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Mar Environ Res. 2007 Oct;64(4):514-23. Epub 2007 May 6.

MBACI sampling of an episodic disturbance: stormwater effects on algal epifauna.

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  • 1School of Biological, Earth and Environmental Sciences, University of New South Wales, Sydney, NSW 2052, Australia.


Whilst it has been well established that stormwater and associated contaminants negatively impact the quality of recipient waters, the ecological effects of individual stormwater pulses in marine environments are relatively unknown. In this study, the impacts of stormwater outfalls upon water quality and epifaunal invertebrates inhabiting the alga Sargassum linearifolium are assessed through an MBACI sampling program. Water quality and the abundance of mobile algal epifauna were recorded at three control sites and three impact sites every 10-12 weeks during dry weather and opportunistically within 24h of large rain events (>50 ml rainfall in 24h) and again 4d after the rain event. Sampling took place during two periods over two separate years and this included four large rainfall events. Following rainfall, salinity dropped rapidly at impact sites close to stormwater outfalls, whilst turbidity increased. Declines in salinity at control sites were slight and turbidity did not differ to 'before' periods. The abundance of epifaunal gastropods and polychaetes were reduced at impact sites 24h after rain events, but not control sites. The abundance of copepods, amphipods and ostracods, however, were reduced at both control and impact sites for up to 4d following rainfall. Reductions of these taxonomic groups could not be attributed to stormwater outfalls. Whilst short-term impacts of stormwater runoff were identified for some faunal groups, impacts were not identified for the majority. Instead, effects were harbour-wide (i.e. at control and impact sites), probably in response to the physical disturbance of heavy seas associated with large rain events.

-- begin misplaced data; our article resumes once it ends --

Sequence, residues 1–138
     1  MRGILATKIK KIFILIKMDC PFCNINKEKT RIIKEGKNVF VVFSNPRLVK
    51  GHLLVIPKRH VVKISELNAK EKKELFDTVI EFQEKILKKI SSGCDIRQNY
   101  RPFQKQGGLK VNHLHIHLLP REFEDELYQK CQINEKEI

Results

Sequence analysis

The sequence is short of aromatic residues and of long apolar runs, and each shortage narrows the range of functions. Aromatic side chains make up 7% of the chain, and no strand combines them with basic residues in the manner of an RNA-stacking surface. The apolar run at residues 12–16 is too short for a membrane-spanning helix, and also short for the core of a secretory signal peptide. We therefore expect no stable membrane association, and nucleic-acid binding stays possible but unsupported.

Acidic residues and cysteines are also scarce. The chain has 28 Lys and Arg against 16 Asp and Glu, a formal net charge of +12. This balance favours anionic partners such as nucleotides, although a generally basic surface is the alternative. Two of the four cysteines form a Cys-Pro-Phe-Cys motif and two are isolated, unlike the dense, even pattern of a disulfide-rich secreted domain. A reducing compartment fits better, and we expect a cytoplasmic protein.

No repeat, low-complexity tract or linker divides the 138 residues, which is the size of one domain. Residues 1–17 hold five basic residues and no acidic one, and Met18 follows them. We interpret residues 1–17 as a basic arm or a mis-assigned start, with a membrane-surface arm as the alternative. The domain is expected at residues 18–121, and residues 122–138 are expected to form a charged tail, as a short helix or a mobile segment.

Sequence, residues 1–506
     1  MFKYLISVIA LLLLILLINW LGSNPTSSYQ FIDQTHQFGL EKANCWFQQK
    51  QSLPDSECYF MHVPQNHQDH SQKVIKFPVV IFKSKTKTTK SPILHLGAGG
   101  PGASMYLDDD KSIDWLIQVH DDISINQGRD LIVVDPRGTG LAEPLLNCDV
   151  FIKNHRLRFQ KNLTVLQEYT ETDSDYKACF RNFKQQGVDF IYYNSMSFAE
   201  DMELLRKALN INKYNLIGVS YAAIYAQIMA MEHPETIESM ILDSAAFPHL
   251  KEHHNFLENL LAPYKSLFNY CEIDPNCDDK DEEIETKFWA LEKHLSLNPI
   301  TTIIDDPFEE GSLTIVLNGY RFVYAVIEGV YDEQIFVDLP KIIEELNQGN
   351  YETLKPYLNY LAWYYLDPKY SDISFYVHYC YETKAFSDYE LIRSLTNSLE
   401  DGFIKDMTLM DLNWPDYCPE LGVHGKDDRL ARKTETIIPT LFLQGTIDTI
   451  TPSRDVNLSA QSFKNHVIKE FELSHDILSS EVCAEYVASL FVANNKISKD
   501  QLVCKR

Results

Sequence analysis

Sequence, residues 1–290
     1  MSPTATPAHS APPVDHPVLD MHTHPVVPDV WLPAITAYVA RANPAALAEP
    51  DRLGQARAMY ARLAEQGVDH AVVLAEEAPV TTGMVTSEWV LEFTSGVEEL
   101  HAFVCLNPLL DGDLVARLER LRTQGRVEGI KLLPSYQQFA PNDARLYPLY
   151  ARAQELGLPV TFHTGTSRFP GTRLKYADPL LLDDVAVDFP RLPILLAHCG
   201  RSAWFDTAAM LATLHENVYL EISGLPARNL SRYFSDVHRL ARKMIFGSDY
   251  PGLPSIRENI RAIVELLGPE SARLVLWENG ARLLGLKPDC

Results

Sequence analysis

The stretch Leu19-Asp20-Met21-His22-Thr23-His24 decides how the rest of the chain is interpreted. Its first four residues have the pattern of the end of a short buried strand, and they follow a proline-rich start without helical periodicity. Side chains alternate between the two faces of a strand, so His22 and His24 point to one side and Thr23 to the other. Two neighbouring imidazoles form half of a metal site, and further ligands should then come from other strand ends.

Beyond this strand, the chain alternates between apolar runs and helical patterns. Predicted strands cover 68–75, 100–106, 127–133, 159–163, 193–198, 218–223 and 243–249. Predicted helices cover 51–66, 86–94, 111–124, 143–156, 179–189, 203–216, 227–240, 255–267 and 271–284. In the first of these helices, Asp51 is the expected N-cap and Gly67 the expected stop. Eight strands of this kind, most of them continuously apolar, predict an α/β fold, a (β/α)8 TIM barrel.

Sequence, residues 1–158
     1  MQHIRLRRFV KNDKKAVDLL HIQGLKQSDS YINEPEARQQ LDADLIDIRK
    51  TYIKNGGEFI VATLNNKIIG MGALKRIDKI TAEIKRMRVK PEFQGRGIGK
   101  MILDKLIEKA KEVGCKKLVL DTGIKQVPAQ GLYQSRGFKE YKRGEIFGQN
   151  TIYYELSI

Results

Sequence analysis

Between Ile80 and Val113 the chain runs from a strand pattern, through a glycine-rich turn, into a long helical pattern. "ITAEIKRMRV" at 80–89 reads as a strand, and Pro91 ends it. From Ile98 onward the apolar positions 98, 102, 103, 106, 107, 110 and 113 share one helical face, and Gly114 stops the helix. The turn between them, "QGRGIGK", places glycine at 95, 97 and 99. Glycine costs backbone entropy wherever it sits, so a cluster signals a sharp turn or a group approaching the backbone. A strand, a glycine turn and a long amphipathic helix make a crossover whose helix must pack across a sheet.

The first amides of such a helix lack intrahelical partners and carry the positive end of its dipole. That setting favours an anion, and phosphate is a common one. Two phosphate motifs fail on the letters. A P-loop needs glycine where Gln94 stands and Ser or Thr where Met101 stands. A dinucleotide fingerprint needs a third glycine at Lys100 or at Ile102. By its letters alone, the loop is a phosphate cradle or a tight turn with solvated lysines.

[PubMed - indexed for MEDLINE]
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